Injury Surveillance of Female Adult Zumba® Dancers

Pablo A. Domene, Anne A. Delextrat, Chris Easton

Research output: Contribution to journalMeeting Abstractpeer-review


Zumba® is a popular form of Latin-themed aerobic dance exercise engaged in by an estimated 14 million people in over 150 countries, yet little (ie in class participants) to no (ie in registered instructors) information exists in terms of the injury surveillance of this activity.PURPOSE: To describe the injury incidence rates and patterns of injury associated with engagement in Zumba®.METHODS: Zumba® dancers were invited to complete an anonymous web-based survey containing 13 demographic background and 14 (1 yr retrospective) injury history questions. Recruitment was undertaken using four web-based social networking services. Inclusion criteria stated that the respondents had to be aged 18-64 yr and currently involved in group-based classes of Zumba®, either as a registered instructor or class participant. Binomial logistic regression analysis was used to predict the odds of injury during Zumba® and Mann-Whitney tests were employed to ascertain differences between groups.RESULTS: The survey response rate was 74%. The final sample of respondents (N = 138; female = 100%) included 19 registered instructors and 119 class participants, of which 58% and 16%, respectively, sustained ≥ 1 injury during Zumba® in the past year. The median (Q1 - Q3) number of injuries for registered instructors and class participants was 2 (1-2) and 1 (1-1), respectively. Of the physical complaint injuries, only 5% required medical attention. The majority (80%) of time-loss injuries were minor in severity and none required medical attention. The injury incidence rate for registered instructors and class participants was 5.7 (95% CI 3.1 - 8.2) and 3.9 (95% CI 2.5 - 5.3) injuries per 1000 h of exposure, respectively. The odds of injury was 7 (95% CI 2-19) times greater (p < 0.01) for registered instructors than for class participants. Zumba® dancers had a 17 (95% CI 7-28) % greater (p < 0.01) odds of injury for every 1 h of non-Zumba®-related moderate to vigorous physical activity (MVPA) engagement per week. Age, Zumba® experience, and Zumba® engagement per week were found to be non-significant (all p > 0.05) covariates in the analysis.CONCLUSIONS: Zumba® is a relatively safe form of exercise. For registered instructors, the increased risk of injury observed during Zumba® is likely due to the high total volume of MVPA engaged in weekly.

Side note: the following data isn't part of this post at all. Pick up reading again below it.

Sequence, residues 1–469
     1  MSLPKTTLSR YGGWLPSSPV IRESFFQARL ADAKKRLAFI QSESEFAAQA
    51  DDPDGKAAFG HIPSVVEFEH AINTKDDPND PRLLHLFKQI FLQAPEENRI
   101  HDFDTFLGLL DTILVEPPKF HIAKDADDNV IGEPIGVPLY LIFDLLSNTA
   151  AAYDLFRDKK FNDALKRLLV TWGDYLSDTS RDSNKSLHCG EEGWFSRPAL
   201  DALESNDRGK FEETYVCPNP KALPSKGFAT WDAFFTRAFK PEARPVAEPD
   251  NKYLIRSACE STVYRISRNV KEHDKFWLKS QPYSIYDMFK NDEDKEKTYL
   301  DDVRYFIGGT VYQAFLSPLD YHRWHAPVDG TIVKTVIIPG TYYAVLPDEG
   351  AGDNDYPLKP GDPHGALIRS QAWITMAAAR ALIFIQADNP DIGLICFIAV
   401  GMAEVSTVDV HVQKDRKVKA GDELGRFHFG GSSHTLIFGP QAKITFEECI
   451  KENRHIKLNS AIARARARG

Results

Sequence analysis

Original languageEnglish
Pages (from-to)866
JournalMedicine & Science in Sports & Exercise
Issue number5S
Publication statusPublished - May 2016


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